Shakespeare: For All Time

Written by Stanley Wells
This was a very interesting and well-researched book.  It covered not only Shakespeare's life, but his legacy throughout the ages since his death.  I liked that the author gave Shakespeare the benefit of the doubt that he actually loved his family, and though his job required him to spend much of his time in London, Wells mentioned several things Shakespeare did in his hometown, pointing out that he did spend at least some time with his family in Stratford.  (He mentions that many biographers are of the opinion Shakespeare all but abandoned his family during the London years.)
I was disappointed in other areas of this biography, though, namely author's handling of the sonnets, particularly the ones written to a boy.  Wells, while careful not to personally subscribe to this theory himself, has to mention that Shakespeare may have been bisexual because of these sonnets.  I watched the tv series Searching for Shakespeare and the author of that program seemed to think that these sonnets were written to his only son, Hamnet, who died at the age of eleven.  Wells doesn't even mention this as a possibility, and only rarely brings up what a devastating blow this must have been for Shakespeare as a father.  I would like to have read more about the plays and poems written during the time of his son's death, as well as at other times in his life when something important was going on either personally, socially, or politically that might have had some effect on Shakespeare's writing.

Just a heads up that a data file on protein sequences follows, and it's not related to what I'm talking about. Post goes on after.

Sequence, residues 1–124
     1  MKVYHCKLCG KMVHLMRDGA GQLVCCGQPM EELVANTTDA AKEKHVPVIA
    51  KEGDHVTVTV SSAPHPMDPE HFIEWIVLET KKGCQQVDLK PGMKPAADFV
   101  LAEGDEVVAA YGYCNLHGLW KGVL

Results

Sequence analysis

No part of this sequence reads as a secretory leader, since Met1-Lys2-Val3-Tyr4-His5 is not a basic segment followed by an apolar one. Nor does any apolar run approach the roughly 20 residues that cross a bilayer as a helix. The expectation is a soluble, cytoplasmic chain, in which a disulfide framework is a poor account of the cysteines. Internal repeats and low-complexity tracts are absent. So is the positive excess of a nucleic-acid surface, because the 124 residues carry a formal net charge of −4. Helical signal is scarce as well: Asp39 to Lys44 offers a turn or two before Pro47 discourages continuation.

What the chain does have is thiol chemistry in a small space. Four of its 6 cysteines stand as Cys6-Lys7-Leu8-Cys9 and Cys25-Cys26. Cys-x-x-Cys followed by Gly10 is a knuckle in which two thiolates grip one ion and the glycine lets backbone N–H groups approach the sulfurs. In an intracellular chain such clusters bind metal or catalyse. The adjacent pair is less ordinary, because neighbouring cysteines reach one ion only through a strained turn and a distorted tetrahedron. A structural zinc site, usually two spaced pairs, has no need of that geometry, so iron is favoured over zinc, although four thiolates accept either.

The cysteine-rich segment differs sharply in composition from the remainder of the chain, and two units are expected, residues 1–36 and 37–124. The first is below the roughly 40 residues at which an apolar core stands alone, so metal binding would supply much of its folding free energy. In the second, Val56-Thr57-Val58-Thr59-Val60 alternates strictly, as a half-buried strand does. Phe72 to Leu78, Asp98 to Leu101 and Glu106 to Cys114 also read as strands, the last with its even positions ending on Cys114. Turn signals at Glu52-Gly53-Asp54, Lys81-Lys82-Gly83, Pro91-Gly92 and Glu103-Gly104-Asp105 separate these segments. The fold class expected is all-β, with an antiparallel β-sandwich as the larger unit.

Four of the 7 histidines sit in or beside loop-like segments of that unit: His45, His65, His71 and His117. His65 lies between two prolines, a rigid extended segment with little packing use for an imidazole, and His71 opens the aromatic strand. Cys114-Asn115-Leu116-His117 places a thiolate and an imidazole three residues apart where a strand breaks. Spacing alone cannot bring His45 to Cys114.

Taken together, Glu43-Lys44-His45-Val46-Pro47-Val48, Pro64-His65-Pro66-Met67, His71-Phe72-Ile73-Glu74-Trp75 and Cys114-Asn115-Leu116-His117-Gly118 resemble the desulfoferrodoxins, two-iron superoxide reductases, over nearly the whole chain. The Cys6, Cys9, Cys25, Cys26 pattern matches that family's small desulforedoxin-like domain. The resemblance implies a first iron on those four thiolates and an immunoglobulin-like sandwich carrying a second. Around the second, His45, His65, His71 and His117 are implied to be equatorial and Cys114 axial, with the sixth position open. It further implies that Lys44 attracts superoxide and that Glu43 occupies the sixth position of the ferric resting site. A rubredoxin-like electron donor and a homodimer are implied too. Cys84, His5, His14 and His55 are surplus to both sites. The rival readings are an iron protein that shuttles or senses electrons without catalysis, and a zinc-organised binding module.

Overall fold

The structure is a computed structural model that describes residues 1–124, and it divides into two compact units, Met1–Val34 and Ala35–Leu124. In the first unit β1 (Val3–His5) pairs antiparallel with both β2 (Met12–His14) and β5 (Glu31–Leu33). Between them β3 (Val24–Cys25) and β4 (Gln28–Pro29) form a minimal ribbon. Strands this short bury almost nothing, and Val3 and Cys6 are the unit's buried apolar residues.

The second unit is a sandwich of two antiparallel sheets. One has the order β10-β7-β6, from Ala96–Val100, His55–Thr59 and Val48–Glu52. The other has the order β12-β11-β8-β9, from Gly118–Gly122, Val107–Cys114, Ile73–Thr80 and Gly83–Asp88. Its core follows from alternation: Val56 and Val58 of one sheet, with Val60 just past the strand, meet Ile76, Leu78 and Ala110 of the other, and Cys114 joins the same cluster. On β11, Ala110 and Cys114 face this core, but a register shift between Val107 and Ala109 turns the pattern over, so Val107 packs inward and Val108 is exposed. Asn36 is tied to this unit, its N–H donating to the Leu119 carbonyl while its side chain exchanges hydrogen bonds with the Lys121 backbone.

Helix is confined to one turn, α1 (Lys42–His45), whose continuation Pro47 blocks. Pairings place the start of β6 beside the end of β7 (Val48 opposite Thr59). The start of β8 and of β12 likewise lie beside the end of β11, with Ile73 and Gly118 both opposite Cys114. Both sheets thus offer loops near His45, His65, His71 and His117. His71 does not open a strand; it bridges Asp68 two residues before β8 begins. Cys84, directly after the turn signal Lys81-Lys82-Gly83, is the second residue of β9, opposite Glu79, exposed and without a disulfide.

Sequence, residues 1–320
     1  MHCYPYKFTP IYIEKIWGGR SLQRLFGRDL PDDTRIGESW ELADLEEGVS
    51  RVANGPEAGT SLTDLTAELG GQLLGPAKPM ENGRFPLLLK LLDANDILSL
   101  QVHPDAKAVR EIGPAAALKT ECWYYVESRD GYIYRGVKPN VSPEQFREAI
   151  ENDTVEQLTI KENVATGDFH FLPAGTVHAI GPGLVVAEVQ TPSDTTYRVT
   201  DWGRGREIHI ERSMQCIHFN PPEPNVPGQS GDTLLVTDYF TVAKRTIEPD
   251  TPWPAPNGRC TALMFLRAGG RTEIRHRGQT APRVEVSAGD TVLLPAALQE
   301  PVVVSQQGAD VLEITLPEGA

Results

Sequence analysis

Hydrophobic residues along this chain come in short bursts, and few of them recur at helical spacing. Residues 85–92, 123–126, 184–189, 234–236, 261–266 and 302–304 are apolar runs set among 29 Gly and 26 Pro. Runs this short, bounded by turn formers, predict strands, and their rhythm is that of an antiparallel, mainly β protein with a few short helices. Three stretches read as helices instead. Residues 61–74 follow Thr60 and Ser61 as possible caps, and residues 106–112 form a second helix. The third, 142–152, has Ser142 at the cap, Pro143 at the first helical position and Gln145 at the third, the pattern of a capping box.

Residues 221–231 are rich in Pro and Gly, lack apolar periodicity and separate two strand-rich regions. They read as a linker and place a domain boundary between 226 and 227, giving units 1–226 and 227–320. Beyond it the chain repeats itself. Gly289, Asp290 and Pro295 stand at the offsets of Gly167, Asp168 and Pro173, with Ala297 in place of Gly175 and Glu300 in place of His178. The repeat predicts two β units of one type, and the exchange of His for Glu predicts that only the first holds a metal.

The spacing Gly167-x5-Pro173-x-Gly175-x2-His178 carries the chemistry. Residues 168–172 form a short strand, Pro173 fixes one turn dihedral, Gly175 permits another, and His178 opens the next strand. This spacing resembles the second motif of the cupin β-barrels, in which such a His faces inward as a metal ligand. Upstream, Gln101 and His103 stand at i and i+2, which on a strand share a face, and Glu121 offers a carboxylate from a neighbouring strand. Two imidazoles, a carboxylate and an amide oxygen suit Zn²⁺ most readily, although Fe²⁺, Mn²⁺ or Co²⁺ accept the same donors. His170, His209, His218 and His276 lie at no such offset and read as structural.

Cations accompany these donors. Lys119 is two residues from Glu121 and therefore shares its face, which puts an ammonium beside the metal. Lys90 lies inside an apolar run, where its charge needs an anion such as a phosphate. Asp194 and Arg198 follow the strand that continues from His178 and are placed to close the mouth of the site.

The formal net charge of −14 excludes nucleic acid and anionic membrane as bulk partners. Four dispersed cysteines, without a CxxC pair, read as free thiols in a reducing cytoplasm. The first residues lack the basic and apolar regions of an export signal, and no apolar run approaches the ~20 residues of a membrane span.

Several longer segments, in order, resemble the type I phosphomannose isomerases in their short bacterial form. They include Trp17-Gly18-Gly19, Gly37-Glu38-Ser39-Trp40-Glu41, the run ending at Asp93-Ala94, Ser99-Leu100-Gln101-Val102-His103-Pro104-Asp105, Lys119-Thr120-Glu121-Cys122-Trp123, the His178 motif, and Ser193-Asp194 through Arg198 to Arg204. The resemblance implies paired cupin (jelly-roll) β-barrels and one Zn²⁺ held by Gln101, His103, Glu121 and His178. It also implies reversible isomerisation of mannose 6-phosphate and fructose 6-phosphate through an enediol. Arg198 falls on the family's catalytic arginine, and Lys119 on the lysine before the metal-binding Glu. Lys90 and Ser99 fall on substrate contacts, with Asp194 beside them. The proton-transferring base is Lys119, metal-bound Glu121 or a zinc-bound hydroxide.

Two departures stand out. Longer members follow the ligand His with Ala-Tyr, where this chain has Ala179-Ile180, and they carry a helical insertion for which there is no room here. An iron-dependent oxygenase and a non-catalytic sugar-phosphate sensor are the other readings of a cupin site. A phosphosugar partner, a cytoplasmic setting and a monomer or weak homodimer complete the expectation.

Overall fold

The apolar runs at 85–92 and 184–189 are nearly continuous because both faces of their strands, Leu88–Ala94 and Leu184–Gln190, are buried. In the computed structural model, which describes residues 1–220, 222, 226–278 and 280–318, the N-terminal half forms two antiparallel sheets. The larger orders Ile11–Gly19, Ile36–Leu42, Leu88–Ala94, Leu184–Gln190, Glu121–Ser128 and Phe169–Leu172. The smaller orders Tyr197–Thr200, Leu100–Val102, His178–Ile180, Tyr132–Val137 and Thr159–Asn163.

On that thought, though, I should mention that Wells describes two schools of thought on the poems, and to a lesser extent, the plays.  Some biographers feel that Shakespeare's writing was auto-biographical, and others do not.  Of course, there is a spectrum there.  He obviously would have to use his life experience to make believable characters, etc. but whether or not he actually used events in his own life remains a question.  Wells believes that his writing was not auto-biographical.  He even throws out the idea that some of the sonnets may be speeches for unwritten plays that rattled around in Shakespeare's head for a while before he decided not to write out the whole story.  Personally, I would think there is probably a bit of both in the vast amount of Shakespeare's work.

The second half of the book covers what has happened to Shakespeare's plays since his death.  This is interesting, too, but maybe not as much as Shakespeare's life.  Lots of information about the different people of different ages that adapted the plays, preformed in the plays, researched the plays, and printed the plays.  Some of the stories are interesting, others, not so much.

All in all, Stanley Wells' Shakespeare: For All Time was a good biography.  Much time and research obviously went into it, but I would prefer to find a different one for my children to read in high school.  I would like to find a simple and straight-forward, 'just-the-facts' biography, and as it is widely acknowledged that we don't know very much about him, I imagine it won't be a 500 page best-seller.   It's a shame, in my opinion, that authors feel the need to 'flesh-out' ("There's a double meaning in that!") their books with assertions that, in the first place could never be proved, and in the second have little to no bearing on his legacy 400 years later.